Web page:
In thinking about early celebrity, Phillips raises the question of audience response to the loss of a famous actress. Mountfort Verbruggen died a few months after giving birth to son Lewis Verbruggen. Mountfort Verbruggen’s death did not attract the kinds of public mourning which followed the murder of her first husband William Mountfort, but Phillips considers whether audiences thought of her when watching the production of Oroonoko which was staged in the weeks following her death. Was watching Oroonoko’s grief for pregnant Imoinda all the more poignant (p. 48)? Phillips’s detailed analysis of the effects of Sarah Siddons’s visible pregnancies to her renowned performances of Lady Macbeth in 1785 and 1794 again asks questions of the way an audience might interpret that body in relation to the character (pp. 136-142).
Readers of Carrying All Before Her will discover that reasonable adjustments for pregnant women are not new and that in 1788 Dorothy Jordan received accommodations such as being exempted from having to make two performances an evening from around the four month point and the “temporary suspension of particularly strenuous roles in her repertoire” (p. 168). Others negotiated breaks to nurse their infants on performance days. And while readers won’t find themselves journeying into the birthing chambers of all the women in this study, they will hear George Anne Bellamy’s account of her eleven-day labour, in 1749, which needed the interventions of an accoucheur or man-midwife and likely his forceps as Bellamy refers to a “forced birth” (p. 97).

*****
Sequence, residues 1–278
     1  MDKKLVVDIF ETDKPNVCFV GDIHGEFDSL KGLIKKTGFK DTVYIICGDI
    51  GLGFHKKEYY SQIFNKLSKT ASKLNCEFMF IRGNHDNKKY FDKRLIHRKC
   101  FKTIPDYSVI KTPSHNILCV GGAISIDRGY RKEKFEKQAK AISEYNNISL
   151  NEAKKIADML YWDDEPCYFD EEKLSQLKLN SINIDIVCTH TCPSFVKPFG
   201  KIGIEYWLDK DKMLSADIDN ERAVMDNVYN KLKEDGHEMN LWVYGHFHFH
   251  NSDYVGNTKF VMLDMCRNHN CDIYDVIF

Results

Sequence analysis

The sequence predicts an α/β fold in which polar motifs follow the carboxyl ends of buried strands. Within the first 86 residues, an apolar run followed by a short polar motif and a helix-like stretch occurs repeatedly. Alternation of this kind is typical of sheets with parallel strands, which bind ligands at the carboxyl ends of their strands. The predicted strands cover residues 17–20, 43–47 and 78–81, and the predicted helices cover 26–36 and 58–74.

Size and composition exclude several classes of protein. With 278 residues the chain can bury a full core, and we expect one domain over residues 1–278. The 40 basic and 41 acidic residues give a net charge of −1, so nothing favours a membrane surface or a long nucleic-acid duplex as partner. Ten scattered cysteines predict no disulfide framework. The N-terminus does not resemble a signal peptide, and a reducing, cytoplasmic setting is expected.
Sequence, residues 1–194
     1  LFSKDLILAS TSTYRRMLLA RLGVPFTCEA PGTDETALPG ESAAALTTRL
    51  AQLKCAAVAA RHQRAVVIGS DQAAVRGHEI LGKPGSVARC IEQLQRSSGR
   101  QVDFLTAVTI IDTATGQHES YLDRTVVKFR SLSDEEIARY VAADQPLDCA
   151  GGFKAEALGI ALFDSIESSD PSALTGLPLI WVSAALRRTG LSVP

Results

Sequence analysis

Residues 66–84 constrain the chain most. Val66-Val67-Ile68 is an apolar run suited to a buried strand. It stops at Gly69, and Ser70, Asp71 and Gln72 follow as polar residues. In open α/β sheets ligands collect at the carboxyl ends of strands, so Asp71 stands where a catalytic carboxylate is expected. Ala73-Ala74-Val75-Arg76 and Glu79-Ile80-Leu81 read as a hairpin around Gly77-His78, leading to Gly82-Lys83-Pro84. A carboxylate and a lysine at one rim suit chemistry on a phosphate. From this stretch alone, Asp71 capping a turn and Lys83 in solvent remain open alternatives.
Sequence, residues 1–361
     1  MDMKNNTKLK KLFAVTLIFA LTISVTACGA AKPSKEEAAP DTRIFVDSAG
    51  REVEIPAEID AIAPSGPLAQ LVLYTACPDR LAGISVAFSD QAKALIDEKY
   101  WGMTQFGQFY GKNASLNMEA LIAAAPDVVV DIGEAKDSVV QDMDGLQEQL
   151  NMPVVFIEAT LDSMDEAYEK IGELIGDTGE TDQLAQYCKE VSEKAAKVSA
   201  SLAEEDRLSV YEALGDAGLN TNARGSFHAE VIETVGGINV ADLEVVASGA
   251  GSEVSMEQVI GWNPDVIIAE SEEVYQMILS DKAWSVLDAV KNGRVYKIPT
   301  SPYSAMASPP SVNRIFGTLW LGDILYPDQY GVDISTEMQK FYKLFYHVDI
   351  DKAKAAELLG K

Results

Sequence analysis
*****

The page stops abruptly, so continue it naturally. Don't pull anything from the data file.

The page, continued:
Phillips notes that the presence of pregnant actresses on stage marks a significant cultural moment as these women were the first “nonroyal, nonaristocratic, nonfamilial, working pregnant bodies to which a significant cross-section of the population had almost daily visual and/or print access” (p. 29). This is right because while this was an era in which most working-class women in all trades had long continued to work until the moment of delivery, meaning that sight was not new, the cross-section of London society who went to performances would include many for whom this was their first sustained encounter with the working female body in a public sphere. Seeing pregnant women in such high-profile roles displaying the latest fashions of pregnancy to an audience and to readers of popular publications would indeed be “utterly new” (p. 29). Carrying All Before Her brings out new insights into this cultural moment. As Phillips acknowledges, a challenge of the project “is the diversity of the embodied experience of pregnancy” and that it is “difficult to recapture a sense of exactly what a woman felt and looked like when pregnant, in every performance across her lifetime” (p. 117). While this is true, it is certainly the case that readers of Carrying All Before Her come away with a much better sense of how actresses incorporated their celebrity pregnancies into their careers than they would otherwise have had. This book is a most welcome addition to the cultural recovery of women’s lived experience in the long eighteenth century.
Sara Read is a Senior Lecturer in English at Loughborough University. She is widely published in the area of early modern women’s reproductive health; she is also a novelist whose second novel – The Midwife’s Truth set in 1666 -has just been published. Sara is a member of the organising committee of the Women’s Studies Group. Her personal website is www.sararead.co.uk